In fact, Brad Marchand didn’t even want to entertain thoughts about last year’s home ice funk.

“Last year has nothing to do with this year. We’ve got a lot of new guys and a lot of new faces, and we’re looking to have a big start at home and have a big year. We want to try and start that tonight,” said Brad Marchand. “We don’t have to get anxious and too excited. We play a good road game and if we play the same way at home as we do on the road then hopefully we’ll be okay.”

The home ice anxiousness was clear on many occasions for the Bruins whether it was getting blown out at the Winter Classic, getting smoked in Milan Lucic’s return to the Garden with the LA Kings or epically blowing the final game of the season vs. Ottawa with the playoffs on the line. It will be interesting to see what a big personality and hardened, vocal leader David Backes can bring to combat some of the home ice skittishness of last season. 

One other thing the Bruins will be looking to change: allowing the other team to score the first goal, as they’ve done in all three games to start this season. It could perhaps be excused with the B’s playing the polite visitor at the emotional home openers for  the Blue Jackets and the Maple Leafs last week, but now it’s their turn to jack up the emotional level and make TD Garden a much more difficult place to play than it was for the majority of last season. 


Slow-starting Krejci looking for a spark in Bruins’ home opener

Slow-starting Krejci looking for a spark in Bruins’ home opener

BRIGHTON, Mass. – David Krejci hasn’t exactly been his usual self in the opening three games of the season for the Bruins and there are understandable, underlying reasons for that. 

One of them is that the 30-year-old playmaking center is coming off major offseason hip surgery and that’s made him look less than his silky-smooth best with the puck in the season’s first three games.

The good news is Krejci doesn’t believe any lingering hip problems have been a big factor at all, and instead his comfort level is increasing each time he takes the ice.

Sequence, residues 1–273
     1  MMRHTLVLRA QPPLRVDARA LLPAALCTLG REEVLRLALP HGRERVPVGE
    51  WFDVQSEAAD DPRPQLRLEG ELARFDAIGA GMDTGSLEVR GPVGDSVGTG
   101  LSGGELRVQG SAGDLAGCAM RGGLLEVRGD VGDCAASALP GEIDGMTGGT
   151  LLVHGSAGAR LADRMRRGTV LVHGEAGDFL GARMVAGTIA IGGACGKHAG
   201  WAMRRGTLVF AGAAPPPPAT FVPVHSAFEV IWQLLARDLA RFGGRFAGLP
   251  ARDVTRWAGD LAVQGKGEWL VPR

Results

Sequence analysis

“I feel better and better every day. This is a tough injury, but I’m in good shape and in really good hands. The doctors have done a really good job with me every day, and it’s been really good,” said Krejci, who has one assist in the opening three games with just three shots on net while fighting to hang onto the puck. “It’s been fun to be out there with the guys, and I’m just trying to get better every day.”

A more reasonable explanation for Krejci’s sluggish start was the last-second injury to Patrice Bergeron prior to the start of the season and the major alteration to his forward line as a result of No. 37’s absence. David Backes was pulled from the right wing spot on the Krejci line to fill in for Bergeron over the season’s first three games and he came away with two goals and three points in three games centering Brad Marchand and David Pastrnak.

But the B’s second line was almost non-existent with smaller, skilled wingers on either side of Krejci that weren’t able to generate anything productive with No. 46. The B’s obviously have massive production from the top line in Bergeron’s absence and have found a respectable fourth line that can get the job done for Claude Julien. Even the third line has found some footing after the B’s bench boss replaced rookie Austin Czarnik with veteran Riley Nash and instead went with a bigger, tougher power line with Matt Beleskey and Jimmy Hayes on the wings.